Crankshaft speed measurements and analysis for control and diagnostics of diesel engines
2001 (English)Licentiate thesis, comprehensive summary (Other academic)
The increasing demands from governments on the engine manufactures to lower the fuel consumption, lower the exhaust emissions and to reduce the noise have lead to an intensive research in the combustion process. Measurement of the combustion process inside the cylinder is only suitable in laboratory environment due to a number of limitations; the pressure transducer needed to measure the pressure is expensive, difficult to mount in the cylinder and has a limited lifetime that is much shorter than the engine's lifetime. Demands of on-board diagnostics where the combustion process is continuously monitored, on production vehicles have created a need for a method to indirectly measure the combustion process. The two main indirect methods are vibration measurement based reconstruction and crankshaft angular speed measurement reconstruction. The combustion process give rise to vibrations in the engine body that in the former method is measured with an accelerometer and the pressure can be reconstructed by using inverted transfer functions. The idea behind the latter method, the crankshaft angular speed reconstruction method, is that when one cylinder fires the produced torque is higher than the load torque and the crankshaft accelerates. As next cylinder goes into compression the total load torque increases and the crankshaft speed will decrease. This is repeated when the next cylinder fires and the produced crankshaft speed fluctuations will then contain information about the combustion and compression that caused it. In this thesis an indirect method to predict the maximum cylinder pressure is developed based on the crankshaft speed fluctuations combined with neural networks. The speed fluctuations were measured on a 6-cylinder inline diesel engine at 9 speed-load-combinations. A two layer (one hidden and one output layer) feedforward neural network was trained with the backpropagation algorithm. The prediction accuracy for pmax was found to be better than ±5 % at 95%-confidence interval for the validation set. Another important parameter for the engine control and for optimising the fuel efficiency at the same time as the exhaust emissions are kept to a minimum, is the position of the pistons most upper position, TDC (top dead centre). The TDC position is normally measured mechanically with means that need access to the cylinders (the cylinder head has to be removed). This method is time consuming and therefore expensive and because of that not used on production engines. Several indirect methods to measure the TDC- positions have been suggested. Either based on measured cylinder pressures, that again need a pressure transducer mounted in the cylinder, or on the crankshaft speed fluctuations. An indirect method based on the speed fluctuations, that are measured when the starter motor rotates the engine with turned off ignition, is developed. From the measured crankshaft speed fluctuations the TDC-positions can be determined either by curve fitting or with neural networks. The TDC position determined by curve fitting has a bias error, due to the out-of-phase acceleration component in the crankshaft that are induced by the starter motor, but also caused by heat exchange between the compressed gas and the cylinder walls and gas. The results from the neural network were found to be better and the TDC-position for all 6 cylinders was determined within ±0.1 degree crank angle at 95%-confidence interval.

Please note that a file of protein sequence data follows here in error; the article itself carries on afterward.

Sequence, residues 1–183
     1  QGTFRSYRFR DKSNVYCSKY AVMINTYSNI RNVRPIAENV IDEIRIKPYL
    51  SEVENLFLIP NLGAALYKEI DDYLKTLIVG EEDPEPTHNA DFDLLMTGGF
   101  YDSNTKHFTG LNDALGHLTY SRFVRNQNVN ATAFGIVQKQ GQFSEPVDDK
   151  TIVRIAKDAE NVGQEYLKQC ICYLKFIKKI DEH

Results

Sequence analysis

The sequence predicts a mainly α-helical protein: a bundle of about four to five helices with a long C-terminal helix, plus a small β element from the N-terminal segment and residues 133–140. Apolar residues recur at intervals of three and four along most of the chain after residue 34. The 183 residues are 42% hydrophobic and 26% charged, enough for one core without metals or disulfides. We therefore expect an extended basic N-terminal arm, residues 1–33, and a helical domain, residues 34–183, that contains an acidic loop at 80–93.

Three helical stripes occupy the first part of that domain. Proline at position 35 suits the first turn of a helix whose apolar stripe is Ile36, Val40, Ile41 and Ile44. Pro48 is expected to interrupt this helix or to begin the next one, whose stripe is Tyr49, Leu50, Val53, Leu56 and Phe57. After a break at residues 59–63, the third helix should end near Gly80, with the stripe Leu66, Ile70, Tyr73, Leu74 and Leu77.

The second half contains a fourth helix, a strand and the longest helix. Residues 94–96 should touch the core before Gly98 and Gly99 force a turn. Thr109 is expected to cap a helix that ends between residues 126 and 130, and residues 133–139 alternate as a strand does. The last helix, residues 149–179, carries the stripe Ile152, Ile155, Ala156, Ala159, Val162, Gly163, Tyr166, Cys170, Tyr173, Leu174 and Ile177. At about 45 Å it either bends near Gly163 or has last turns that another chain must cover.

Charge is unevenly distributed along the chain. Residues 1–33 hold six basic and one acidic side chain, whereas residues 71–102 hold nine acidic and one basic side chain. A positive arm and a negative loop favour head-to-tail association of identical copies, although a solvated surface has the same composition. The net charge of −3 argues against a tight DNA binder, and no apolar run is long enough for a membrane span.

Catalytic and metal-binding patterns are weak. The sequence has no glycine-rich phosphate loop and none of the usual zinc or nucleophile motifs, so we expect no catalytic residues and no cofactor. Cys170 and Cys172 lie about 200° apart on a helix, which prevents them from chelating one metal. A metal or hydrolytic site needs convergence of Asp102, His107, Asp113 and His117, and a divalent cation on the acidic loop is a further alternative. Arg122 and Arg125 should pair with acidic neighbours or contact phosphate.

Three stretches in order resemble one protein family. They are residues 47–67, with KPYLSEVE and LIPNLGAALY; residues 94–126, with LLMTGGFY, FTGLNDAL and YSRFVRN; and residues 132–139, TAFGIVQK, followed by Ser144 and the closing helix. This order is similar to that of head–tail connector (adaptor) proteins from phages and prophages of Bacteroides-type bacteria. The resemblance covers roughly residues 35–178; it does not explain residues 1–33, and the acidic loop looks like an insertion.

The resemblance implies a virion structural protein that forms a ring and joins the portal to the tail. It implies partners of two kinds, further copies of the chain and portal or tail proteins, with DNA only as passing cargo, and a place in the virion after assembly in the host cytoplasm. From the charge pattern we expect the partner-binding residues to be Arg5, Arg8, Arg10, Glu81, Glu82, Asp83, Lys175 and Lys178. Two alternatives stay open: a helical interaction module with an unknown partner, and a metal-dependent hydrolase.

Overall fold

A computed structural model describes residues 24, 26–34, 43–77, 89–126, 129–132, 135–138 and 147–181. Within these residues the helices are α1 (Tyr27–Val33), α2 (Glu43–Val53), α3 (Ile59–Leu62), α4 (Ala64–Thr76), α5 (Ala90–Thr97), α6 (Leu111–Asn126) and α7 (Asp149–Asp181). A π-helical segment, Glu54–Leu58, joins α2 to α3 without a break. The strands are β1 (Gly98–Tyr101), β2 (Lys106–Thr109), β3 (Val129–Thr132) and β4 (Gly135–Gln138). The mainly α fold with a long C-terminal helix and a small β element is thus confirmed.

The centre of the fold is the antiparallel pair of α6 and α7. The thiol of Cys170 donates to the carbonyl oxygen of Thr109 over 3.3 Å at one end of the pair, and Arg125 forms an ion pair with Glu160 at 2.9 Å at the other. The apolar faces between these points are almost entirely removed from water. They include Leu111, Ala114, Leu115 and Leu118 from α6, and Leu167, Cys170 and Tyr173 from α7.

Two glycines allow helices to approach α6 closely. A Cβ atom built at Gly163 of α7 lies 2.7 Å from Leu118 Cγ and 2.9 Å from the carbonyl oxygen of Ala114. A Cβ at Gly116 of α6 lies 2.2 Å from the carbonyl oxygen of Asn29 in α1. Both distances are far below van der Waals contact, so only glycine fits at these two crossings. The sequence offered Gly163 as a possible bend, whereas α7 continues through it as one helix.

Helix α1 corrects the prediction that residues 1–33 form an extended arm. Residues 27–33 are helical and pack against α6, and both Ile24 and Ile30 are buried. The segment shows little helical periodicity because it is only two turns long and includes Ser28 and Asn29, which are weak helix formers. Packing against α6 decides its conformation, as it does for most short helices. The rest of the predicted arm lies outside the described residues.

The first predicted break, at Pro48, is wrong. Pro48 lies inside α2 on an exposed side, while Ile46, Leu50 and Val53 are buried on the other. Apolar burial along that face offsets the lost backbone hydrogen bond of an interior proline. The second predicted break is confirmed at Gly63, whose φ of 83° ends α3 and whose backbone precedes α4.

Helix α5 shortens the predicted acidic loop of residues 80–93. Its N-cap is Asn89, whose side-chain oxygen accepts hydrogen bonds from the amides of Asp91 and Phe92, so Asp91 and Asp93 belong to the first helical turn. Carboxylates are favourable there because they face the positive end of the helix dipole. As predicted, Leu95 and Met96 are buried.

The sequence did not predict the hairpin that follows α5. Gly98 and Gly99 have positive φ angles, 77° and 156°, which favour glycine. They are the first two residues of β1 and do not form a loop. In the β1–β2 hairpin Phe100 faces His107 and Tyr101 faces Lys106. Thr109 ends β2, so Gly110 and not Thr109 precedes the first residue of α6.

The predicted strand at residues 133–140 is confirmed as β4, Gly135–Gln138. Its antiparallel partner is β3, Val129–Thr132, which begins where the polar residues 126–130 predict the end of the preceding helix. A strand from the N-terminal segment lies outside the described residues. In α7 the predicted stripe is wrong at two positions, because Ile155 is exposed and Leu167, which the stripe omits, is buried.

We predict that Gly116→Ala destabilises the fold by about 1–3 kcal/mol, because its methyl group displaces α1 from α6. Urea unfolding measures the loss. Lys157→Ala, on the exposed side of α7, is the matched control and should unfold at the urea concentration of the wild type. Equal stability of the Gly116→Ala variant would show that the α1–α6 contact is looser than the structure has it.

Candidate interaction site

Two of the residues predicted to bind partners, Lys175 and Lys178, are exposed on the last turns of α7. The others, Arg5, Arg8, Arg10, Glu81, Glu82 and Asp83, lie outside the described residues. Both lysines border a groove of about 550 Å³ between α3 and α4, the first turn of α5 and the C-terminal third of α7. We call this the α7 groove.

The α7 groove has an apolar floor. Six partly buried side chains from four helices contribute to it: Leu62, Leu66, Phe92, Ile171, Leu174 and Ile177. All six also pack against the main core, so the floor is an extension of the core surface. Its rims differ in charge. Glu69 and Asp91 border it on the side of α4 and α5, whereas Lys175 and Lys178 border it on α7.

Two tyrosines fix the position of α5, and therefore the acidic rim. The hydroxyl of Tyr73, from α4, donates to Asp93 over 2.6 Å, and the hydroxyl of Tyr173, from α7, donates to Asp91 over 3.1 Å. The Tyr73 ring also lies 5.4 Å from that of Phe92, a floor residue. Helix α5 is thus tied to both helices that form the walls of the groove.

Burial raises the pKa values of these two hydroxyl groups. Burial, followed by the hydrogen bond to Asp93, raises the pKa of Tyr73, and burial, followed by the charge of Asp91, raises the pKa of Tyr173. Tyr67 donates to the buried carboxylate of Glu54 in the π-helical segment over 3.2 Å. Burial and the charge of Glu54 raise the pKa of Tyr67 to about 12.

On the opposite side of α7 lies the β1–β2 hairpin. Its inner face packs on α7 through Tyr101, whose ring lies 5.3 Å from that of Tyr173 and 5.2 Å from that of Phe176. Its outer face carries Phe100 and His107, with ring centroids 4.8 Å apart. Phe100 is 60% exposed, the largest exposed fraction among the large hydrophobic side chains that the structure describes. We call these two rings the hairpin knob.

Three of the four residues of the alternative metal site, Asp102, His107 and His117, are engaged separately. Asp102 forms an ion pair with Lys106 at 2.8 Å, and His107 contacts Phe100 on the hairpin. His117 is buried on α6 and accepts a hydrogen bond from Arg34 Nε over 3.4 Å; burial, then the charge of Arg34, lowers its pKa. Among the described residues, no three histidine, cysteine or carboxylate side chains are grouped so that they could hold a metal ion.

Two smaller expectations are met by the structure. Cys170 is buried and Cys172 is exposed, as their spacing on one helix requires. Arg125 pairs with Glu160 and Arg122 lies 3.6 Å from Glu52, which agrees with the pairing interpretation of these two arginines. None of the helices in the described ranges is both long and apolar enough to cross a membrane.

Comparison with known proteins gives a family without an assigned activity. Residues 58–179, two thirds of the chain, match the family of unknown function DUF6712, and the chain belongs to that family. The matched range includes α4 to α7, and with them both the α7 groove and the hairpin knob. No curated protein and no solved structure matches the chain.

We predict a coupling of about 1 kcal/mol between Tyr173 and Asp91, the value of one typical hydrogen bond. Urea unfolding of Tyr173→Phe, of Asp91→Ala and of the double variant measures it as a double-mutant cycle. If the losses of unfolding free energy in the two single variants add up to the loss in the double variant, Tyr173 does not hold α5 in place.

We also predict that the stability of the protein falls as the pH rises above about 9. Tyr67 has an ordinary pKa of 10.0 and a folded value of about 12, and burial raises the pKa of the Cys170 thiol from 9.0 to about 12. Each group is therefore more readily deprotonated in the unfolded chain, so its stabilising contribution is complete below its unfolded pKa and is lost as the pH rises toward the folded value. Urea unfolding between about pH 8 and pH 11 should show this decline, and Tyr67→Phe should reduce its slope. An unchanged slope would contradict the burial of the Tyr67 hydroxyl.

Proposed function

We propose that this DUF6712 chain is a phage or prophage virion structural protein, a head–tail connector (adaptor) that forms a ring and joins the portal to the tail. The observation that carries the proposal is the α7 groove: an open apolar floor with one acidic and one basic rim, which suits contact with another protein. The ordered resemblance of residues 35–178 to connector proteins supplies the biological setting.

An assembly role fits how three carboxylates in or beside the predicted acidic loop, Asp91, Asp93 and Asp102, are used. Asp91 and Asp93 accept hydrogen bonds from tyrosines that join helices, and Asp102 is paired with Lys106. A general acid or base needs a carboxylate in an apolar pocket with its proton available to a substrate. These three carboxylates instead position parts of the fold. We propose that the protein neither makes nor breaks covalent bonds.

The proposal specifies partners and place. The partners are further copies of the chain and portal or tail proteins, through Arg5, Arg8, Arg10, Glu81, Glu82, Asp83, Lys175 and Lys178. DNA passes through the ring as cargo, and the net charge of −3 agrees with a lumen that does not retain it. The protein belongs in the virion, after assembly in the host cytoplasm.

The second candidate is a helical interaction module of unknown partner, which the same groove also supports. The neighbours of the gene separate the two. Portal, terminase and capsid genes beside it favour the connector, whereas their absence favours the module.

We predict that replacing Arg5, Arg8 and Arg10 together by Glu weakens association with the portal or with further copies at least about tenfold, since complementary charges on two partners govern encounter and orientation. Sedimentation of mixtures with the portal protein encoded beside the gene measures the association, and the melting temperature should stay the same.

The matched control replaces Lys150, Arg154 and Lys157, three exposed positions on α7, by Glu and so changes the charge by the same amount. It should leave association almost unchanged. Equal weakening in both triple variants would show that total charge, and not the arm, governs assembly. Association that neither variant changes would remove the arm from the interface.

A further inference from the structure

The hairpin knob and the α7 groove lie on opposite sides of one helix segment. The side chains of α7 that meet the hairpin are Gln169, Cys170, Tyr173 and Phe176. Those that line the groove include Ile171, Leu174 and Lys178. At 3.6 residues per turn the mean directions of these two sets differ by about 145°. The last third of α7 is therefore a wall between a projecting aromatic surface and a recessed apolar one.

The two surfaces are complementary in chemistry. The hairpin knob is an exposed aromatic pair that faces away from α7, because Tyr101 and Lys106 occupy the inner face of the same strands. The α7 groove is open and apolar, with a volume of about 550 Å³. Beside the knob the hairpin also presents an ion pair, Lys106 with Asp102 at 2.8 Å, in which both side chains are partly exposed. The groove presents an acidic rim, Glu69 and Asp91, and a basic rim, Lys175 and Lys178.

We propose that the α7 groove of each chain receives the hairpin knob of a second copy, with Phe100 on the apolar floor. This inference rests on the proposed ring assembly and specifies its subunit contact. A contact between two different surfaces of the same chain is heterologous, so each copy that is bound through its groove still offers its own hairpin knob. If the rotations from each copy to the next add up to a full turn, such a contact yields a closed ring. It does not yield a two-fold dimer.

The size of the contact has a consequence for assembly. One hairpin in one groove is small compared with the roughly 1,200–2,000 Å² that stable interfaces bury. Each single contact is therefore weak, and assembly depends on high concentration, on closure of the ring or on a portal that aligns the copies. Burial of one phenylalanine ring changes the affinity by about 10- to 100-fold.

Place, publisher, year, edition, pages
Luleå: Luleå tekniska universitet, 2001. , 50 p.
Licentiate thesis / Luleå University of Technology, ISSN 1402-1757 ; 2001:09
Research subject Engineering Acoustics
IdentifiersURN: urn:nbn:se:ltu:diva-18687Local ID: 9d3b65a0-d3f7-11db-b6e3-000ea68e967bOAI: oai:DiVA.org:ltu-18687DiVA: diva2:991698
Godkänd; 2001; 20070110 (biem)2016-09-292016-09-29Bibliographically approved